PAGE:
Undergraduate Study

Unit Information Sheet for MATH1907: Mathematics Special Studies Programme B


The Special Studies Program is formally attached to MATH1903 with one additional seminar and a special tutorial. In particular you attend:

  • The same lectures as MATH1903;
  • Seminar: Tuesday 4pm, New Law 346
  • Tutorial: Thursday 10am, Carslaw Room 359 (replaces your MATH1903 tutorial).

The special topics in the seminar are independent of MATH1903. There will be three different topics presented by different lecturers.

The tutorial will be on the material in MATH1903 (see the MATH1903 Information Sheet to find out how to obtain tutorial sheets).

Special Topics

There will be three topics from various fields of mathematics and statistics presented by different lecturers:

Weeks 2–5: Sharon Stephen Conformal transformations in fluid dynamics
Transformations are a powerful tool used in many areas of pure and applied mathematics to simplify the solution of a problem. We will consider conformal transformations to solve problems in fluid dynamics by working in the complex plane. Specifically, in solving Laplace's equation for velocity potential, complicated boundary conditions may be converted to simple boundary conditions. Another fascinating example is finding the flow past an aerofoil using the Joukowski transformation, enabling the lift force to be calculated.
Weeks 6–9: Oded Yacobi Three applications of Euler's formula
Euler's formula is a beautifully simple statement about connected planar graphs: (number of vertices)-(number of edges)+(number of faces)=2. We will discuss this formula and present some surprising applications, including the Sylvester-Gallai Theorem regarding lines and points in the plane, and Pick's Theorem about the area of triangles with integral vertex points (spoiler alert: it's always equal to 1/2!).
Weeks 10–13: Rachel Wang A brief introduction to probabilistic graphical models
Probabilistic graphical models provide a succinct framework for representing complex dependencies among random variables. We take a first dip into this field by studying how joint probabilities can be represented using directed and undirected graphs and discussing algorithms for performing simple inferential tasks. Graphical models include many popular statistical models such as hidden Markov models, Gaussian graphical models, as special cases and have been the focus of research in numerous statistical and computational fields ranging from machine learning, artificial intelligence, signal processing, bioinformatics, to statistical physics.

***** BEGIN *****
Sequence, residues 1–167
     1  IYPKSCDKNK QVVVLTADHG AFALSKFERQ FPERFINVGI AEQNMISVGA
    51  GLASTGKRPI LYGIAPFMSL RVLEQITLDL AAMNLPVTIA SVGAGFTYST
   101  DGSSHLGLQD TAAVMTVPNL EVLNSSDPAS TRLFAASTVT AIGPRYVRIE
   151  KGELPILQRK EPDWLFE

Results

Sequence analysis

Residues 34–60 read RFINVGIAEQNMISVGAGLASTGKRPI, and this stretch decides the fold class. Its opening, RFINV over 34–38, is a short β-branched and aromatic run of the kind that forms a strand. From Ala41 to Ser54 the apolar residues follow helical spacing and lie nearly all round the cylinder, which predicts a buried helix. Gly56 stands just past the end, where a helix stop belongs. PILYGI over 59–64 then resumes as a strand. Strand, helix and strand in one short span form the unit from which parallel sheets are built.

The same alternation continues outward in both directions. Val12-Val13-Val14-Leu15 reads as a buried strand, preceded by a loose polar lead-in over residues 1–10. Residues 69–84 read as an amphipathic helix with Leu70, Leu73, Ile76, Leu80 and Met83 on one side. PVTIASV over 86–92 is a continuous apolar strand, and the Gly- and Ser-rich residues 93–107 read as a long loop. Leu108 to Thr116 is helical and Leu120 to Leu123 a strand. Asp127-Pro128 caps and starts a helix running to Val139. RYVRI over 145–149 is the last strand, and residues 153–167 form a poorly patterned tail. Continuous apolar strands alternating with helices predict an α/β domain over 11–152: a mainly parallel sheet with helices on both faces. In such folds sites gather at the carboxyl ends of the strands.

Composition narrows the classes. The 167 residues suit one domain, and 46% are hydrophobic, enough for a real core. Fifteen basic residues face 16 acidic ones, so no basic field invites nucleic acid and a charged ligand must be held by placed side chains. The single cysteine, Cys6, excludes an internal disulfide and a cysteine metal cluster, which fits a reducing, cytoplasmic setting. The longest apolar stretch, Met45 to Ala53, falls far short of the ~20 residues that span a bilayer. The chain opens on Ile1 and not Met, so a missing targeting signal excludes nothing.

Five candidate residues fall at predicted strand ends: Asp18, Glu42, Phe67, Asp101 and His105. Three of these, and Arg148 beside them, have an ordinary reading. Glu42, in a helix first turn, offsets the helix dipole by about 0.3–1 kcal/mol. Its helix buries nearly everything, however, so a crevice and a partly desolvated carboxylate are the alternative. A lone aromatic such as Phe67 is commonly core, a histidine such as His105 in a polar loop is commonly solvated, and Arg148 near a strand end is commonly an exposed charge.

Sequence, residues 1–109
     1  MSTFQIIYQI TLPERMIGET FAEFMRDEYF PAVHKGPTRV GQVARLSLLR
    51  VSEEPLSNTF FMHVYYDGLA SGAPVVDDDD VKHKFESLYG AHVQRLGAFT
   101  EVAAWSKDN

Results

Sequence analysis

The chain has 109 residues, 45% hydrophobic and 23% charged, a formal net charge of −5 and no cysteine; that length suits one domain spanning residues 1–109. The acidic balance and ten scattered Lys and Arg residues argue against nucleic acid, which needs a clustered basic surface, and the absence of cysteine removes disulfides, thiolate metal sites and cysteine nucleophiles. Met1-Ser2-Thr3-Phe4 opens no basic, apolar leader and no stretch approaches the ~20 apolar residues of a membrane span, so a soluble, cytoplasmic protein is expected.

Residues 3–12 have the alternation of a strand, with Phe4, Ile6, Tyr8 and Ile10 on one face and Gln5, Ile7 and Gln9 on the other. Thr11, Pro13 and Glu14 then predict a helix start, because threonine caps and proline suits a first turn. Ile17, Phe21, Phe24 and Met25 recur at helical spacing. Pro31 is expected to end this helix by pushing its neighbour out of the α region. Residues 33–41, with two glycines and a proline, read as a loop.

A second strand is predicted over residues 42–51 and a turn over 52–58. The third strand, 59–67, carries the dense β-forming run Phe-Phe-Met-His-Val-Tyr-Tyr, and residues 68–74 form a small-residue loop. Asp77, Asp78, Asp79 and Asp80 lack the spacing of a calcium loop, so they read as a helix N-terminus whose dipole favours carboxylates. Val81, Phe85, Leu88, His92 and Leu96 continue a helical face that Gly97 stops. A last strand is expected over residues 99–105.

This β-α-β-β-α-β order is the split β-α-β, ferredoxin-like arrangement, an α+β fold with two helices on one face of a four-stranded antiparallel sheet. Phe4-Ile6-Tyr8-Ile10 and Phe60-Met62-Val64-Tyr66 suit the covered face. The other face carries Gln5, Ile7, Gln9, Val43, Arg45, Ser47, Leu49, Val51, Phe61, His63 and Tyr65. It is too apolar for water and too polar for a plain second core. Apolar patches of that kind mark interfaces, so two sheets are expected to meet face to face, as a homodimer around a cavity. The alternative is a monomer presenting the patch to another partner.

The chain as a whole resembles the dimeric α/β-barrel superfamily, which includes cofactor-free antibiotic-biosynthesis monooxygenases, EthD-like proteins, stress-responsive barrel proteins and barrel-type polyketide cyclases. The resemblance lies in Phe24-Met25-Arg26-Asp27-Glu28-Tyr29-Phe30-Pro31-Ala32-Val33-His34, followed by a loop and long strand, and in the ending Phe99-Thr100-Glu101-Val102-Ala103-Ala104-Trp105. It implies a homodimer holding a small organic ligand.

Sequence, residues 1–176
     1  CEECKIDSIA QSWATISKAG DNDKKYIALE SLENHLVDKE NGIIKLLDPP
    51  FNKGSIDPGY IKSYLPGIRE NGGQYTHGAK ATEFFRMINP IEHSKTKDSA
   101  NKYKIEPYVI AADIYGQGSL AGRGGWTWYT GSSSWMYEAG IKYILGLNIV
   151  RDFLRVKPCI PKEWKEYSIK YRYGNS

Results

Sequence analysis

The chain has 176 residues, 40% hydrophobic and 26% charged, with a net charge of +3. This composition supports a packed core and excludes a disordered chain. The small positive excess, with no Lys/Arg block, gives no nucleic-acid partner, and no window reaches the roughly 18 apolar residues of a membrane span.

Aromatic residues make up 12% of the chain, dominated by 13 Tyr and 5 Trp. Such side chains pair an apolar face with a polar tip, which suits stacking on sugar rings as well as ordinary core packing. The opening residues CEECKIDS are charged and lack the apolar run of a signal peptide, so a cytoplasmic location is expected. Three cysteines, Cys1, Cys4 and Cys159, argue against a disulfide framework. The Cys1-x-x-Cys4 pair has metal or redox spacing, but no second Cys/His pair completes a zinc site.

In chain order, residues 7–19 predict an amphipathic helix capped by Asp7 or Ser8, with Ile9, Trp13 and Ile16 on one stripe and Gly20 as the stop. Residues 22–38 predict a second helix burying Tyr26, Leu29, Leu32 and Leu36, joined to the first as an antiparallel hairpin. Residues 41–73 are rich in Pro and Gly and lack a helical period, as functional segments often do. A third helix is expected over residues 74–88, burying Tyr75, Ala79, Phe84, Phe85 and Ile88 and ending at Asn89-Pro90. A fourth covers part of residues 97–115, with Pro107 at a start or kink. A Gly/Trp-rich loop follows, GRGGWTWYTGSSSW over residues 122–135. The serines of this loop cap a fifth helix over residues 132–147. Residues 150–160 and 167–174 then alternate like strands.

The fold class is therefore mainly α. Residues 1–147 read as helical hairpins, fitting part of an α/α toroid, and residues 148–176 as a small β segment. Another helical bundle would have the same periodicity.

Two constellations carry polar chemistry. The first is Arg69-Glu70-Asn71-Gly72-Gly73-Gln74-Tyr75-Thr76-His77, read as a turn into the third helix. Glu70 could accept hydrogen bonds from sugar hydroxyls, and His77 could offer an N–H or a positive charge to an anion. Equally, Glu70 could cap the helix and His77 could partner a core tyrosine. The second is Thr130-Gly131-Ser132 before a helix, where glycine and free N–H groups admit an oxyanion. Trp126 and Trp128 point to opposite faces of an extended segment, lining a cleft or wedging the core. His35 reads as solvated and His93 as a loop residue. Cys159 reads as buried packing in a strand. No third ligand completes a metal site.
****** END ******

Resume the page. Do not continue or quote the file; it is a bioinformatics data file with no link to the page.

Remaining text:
The final mark in MATH1907 is determined as follows:

  • All the assessment for MATH1903. For more details look at the MATH1903 unit information sheet. This counts 80% of the total mark.
  • Three assignments for the special topics in the seminar. The total counts 10% towards the total mark. (with bettermark if all assignments are handed in, otherwise no bettermark)

    Assignment submission dates: Thu 31 Aug (first topic), Thu 5 Oct (second topic), Thu 2 Nov (third topic)

    All assignments have to be submitted through the LMS and passed through the text matching software Turnitin (scanned handwritten assignments are fine, there is absolutely no need to spend time on typesetting!) Late assignments are not allowed and will attract zero marks.

  • One mark for every seminar participation, up to a total of 10. The total counts 10% towards the total mark. (no bettermark!)

Under exceptional circumstances you may be allowed to attend a MATH1903 tutorial. Contact the coordinator Daniel Daners for permission to do so.


The outcomes for MATH1907 include the outcomes for MATH1903 as well as the following: The student completing MATH1907 will

  • gain an appreciation of a diverse range of mathematical problems and applications through participating in class discussions and the completion of assignments.
  • be able to grasp new mathematical concepts beyond routine methods and calculations.

Problem sheets and the like

  • You will need the sheets for MATH1903. Check the MATH1903 Web page or the MATH1903 Unit Information Sheet on how to get these.
  • Additional handouts for the special topics in the seminar may be given out in the seminar at Tuesday 4pm or the tutorial at Thursday 10am. Any solutions will also be handed out in these classes.